Look around the City, Avignon
Located right next to the Tourist Office.
Whenever you see Temple you know its not a catholic church. This imposing building has served a large number of purposes over its lifetime. Today it is the Protestant Church (since 1881).
It started life as a monastery and school for the Benedictines around 1388. It was enlarged and later abandoned during the French Revolution. It has housed various museums at one time or another.
I was not able to go inside,
Successful businessman and art collector Louis Vouland (1883-1973) bequeathed his 19th-century, neo-classical town house to the state together with its huge and prestigious collection of arts and crafts. His home was restored and opened as one of Avignon’s most charming museums in 1982, offering displaying Vouland’s quirky collection of 17th and 18th-century decorative arts. Highlights include high-quality faïence (earthenware) from Vincennes and Sèvres, and tapestries woven in Flanders, Aubusson and Gobelins. However, a dainty travel tea set in Sèvres faïence , which belonged to the Comtesse du Barry, mistress of Louis XV, steals the show. Outside is an attractive garden.
The original covered market was built right at the end of the 19th century. But in the 1970s the commercial heart of Avignon was threatened by the rise of the grandes surfaces, the vast shopping malls and commercial strip developments which today encircle the Old City.
To combat this, a multi-storey car park was created near the market in the 1970s and the old hall demolished and rebuilt.
A great shopping area, with pedestrian streets without automobiles (not always the case in France), and loads of shops of all kinds. Southeast of the Place de l'Horloge: rue des Marchands, rue Rouge and adjoining streets are full of clothing and other shops.
Book market on the Cours Jean Jaures, just inside the wall in front of the train station.
Our apprt hotel is located in this street, a sloping cobbled street lined by a canal and shady plane trees, this is a lovely cool place to spend a balmy summer's day or evening.
The river Sorgue was diverted in the Middle Ages to form several canals, one of which, the Canal de Vaucluse, runs today along the rue des Teinturiers before joining the river Rhône by Avignon's walled city.
The initial purpose was for drainage. But, when textile makers set up shop in Avignon, they soon realised the benefits of a ready water supply and made a beeline for this area. Indeed, the rue des Teinturiers translates roughly as "Dyers' Street".
Tour St Jean is located diagonally across the square from the Les Halles fresh produce market, and is all that remains of a complex founded by the Hospital Order of St John of Jerusalem (usually known as the Knights Hospitaller) in the mid 13th century.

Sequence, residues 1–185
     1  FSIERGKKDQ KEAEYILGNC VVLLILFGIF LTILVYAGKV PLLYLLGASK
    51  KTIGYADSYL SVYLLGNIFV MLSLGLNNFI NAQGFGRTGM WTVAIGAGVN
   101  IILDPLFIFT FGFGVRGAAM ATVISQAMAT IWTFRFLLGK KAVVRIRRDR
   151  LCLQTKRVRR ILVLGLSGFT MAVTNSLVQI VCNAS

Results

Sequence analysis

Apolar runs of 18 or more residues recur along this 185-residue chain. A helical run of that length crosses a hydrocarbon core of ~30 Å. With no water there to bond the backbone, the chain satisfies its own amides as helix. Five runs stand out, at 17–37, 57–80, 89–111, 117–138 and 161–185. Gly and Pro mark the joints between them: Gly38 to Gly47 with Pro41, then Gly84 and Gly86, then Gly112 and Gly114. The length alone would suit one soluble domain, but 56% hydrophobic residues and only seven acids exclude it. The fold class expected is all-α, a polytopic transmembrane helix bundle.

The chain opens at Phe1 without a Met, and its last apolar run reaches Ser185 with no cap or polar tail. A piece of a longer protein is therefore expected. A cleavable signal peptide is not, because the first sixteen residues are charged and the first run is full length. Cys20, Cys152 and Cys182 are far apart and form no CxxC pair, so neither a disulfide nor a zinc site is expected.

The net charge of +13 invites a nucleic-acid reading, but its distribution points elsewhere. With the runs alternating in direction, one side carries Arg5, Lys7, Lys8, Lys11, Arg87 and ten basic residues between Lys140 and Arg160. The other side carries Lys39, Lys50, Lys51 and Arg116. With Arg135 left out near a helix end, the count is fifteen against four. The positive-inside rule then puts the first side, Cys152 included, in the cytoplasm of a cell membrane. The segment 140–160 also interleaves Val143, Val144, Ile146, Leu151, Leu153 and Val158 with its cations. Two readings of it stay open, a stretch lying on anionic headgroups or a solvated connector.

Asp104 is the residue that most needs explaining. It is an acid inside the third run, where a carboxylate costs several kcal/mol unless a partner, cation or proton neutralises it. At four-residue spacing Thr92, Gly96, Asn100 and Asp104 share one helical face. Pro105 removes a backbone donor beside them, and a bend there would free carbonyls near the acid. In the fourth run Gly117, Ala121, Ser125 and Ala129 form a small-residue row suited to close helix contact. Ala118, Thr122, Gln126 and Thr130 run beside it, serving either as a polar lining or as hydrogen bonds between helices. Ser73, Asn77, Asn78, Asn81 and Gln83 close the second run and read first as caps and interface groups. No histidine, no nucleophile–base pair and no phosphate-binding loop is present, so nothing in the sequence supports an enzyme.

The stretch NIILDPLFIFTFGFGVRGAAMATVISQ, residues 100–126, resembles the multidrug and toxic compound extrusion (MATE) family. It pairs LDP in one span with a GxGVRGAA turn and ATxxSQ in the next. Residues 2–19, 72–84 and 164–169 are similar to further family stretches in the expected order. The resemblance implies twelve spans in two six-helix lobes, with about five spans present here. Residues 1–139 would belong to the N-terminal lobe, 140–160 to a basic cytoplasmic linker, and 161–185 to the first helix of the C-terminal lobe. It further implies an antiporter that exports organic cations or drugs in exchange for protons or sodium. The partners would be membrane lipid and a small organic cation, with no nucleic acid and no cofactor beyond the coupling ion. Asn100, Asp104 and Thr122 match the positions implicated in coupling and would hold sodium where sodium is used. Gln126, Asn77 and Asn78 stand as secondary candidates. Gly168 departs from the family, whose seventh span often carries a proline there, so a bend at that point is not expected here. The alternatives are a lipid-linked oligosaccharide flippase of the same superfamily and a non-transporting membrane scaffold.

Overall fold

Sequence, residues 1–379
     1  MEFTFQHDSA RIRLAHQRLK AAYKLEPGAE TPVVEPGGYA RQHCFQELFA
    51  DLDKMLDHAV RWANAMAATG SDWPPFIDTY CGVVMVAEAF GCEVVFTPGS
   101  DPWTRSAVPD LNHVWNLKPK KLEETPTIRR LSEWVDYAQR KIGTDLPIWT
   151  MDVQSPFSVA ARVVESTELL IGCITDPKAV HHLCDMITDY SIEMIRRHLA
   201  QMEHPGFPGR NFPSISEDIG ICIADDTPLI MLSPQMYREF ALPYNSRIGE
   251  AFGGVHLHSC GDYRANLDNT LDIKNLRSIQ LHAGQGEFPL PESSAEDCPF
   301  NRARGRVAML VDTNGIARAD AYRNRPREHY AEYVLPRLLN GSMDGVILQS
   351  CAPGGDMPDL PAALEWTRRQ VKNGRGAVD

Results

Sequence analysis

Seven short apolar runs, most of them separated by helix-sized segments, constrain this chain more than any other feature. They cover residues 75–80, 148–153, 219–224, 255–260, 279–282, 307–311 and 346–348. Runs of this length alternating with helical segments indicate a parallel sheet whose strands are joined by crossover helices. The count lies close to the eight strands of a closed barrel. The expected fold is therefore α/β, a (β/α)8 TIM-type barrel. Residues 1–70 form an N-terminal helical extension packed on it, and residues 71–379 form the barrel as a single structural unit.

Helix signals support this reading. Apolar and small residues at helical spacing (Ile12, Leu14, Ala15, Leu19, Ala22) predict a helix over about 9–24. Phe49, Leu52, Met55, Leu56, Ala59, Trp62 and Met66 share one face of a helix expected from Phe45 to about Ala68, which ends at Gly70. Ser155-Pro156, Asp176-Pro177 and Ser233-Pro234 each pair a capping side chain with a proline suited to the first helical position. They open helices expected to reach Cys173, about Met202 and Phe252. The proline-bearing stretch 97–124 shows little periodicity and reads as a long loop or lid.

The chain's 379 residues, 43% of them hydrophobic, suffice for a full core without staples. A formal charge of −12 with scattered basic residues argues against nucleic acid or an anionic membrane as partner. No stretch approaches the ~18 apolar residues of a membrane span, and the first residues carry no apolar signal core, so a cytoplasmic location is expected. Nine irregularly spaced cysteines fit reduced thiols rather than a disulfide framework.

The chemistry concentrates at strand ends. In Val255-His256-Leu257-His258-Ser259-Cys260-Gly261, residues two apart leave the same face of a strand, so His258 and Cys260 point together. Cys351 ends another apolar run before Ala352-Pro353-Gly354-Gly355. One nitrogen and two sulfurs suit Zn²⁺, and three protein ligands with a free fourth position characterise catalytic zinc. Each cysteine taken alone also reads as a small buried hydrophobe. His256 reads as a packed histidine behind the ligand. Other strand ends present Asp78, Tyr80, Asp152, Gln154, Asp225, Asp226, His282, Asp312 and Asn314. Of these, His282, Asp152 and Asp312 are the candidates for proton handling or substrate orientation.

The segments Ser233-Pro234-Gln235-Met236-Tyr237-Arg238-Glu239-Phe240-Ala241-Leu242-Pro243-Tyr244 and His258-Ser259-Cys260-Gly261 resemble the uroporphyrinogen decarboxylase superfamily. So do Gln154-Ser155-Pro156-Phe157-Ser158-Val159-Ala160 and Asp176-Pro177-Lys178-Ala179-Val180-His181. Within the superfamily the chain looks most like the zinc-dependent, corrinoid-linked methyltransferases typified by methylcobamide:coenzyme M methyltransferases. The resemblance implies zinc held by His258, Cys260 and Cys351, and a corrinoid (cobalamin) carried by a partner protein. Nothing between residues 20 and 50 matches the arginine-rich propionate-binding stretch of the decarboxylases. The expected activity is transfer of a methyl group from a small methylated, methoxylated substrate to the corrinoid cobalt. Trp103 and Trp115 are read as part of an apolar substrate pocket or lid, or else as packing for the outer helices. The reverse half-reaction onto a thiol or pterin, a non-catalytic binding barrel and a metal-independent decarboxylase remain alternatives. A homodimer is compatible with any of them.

Along with their bitter rivals, the Knight Templar, the Knights Hospitaller were one of the two orders of warrior monks who arose from the Crusades. The Knights Hospitaller were established in the late 11th century to look after pilgrims to Jerusalem and rose to prominence during the First Crusade, when they were charge with the care and defence of the Holy Land.
The complex seems to have later been used as a cardinal's residence, and today, only this splendid tower remains. Best appreciated over a cool drink from one of the cafes which line the square!
In the summer when the city is full of tourists and you are dodging crowds you don't see the things that magically appear in the off season. We visited Avignon on a cold November day once and there were no tourists about. We wandered the city looking at things we'd never seen before. One of the fun discoveries was windows. All cities have windows, but Avignon has art in many of them. If you look up there are statures on balconies and trompe l'oeil paintings in many windows.
Once you've spotted one, you start looking for others. It's fun.
This was a particularly picturesque church tower that I discovered in my wanderings somewhere in the tangle of roads to the east of Palais des Papes: I couldn't tell you exactly where, as navigating around this section of Avignon isn't easy if you don't have a detailed map.
Again, my attempts to find out more about this tower have been fruitless - any information to address my ignorance would be gratefully received and duly incorporated!
Update (January 2012): Halleluia, my ignorance has been addressed! This tower turns out to be part of Clocher des Augustins on Rue Carreterie and the following excellent context comes courtesy of jrock0525:
"This was one of the earliest Augustine convents in Provence, first occupied in the second half of the thirteenth century outside the city walls near the Portail Matheron, not far from the Carmelites who were located on the same street. The church was apparently complete by the beginning of the fourteenth century and is probably one of the first examples of Gothic Avignonese style. It was later enlarged and renovated by John XXII, who added chapels to the eastern portion of the church. At the time, this neighborhood was growing rapidly, with artisans as well as small merchants. The Augustines began construction of a bell tower in 1372 and completed it in 1377. It is the only visible remnant of what was one of the largest convents in Avignon.